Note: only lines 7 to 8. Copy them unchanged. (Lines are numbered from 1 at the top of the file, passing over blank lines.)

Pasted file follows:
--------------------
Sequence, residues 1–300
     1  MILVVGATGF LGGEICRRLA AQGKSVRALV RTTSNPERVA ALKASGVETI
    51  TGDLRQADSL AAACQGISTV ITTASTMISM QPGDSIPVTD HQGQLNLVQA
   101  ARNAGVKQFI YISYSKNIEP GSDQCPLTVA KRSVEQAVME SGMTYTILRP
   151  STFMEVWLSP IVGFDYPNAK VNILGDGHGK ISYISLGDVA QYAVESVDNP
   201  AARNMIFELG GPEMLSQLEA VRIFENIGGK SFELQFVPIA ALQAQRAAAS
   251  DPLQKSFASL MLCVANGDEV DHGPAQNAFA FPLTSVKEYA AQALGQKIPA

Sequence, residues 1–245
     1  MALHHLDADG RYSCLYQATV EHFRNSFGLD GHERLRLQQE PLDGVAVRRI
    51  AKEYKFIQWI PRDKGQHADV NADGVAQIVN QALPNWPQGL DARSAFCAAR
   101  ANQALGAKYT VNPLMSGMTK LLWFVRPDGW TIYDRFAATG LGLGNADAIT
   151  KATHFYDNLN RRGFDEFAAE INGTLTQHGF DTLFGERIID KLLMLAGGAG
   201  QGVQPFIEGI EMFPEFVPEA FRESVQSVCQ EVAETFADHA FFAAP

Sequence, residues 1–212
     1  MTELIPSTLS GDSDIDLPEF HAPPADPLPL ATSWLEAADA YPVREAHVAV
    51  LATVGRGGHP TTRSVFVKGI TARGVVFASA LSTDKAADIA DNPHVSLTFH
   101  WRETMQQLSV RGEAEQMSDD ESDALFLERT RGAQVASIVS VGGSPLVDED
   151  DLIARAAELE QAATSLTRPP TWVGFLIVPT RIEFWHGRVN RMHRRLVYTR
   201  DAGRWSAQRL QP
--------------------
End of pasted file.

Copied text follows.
   251  DPLQKSFASL MLCVANGDEV DHGPAQNAFA FPLTSVKEYA AQALGQKIPA

Sequence, residues 1–245